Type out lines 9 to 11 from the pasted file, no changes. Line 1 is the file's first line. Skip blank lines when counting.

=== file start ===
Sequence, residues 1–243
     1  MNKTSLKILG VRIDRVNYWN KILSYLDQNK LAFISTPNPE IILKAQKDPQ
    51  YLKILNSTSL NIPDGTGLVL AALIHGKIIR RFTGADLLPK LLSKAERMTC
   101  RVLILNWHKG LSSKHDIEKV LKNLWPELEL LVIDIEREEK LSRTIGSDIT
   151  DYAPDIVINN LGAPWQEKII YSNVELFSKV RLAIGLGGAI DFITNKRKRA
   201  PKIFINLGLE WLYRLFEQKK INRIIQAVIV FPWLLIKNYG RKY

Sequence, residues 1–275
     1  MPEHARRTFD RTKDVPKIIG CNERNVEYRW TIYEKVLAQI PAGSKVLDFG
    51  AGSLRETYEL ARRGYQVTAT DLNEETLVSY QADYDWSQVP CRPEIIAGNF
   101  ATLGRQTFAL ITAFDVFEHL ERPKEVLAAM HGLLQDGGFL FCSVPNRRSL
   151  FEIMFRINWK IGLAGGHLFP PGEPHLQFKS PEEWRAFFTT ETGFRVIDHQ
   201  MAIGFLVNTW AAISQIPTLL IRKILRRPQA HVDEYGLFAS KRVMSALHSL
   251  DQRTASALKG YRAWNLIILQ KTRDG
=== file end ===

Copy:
    51  AGSLRETYEL ARRGYQVTAT DLNEETLVSY QADYDWSQVP CRPEIIAGNF
   101  ATLGRQTFAL ITAFDVFEHL ERPKEVLAAM HGLLQDGGFL FCSVPNRRSL
   151  FEIMFRINWK IGLAGGHLFP PGEPHLQFKS PEEWRAFFTT ETGFRVIDHQ